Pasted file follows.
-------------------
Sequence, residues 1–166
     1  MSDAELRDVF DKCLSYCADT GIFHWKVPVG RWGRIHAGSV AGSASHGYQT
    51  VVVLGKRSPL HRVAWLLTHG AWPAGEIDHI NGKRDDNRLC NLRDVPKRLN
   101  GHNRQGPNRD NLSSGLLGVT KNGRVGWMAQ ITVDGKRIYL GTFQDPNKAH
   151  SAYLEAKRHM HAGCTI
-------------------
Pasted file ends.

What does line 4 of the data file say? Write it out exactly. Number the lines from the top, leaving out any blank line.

   101  GHNRQGPNRD NLSSGLLGVT KNGRVGWMAQ ITVDGKRIYL GTFQDPNKAH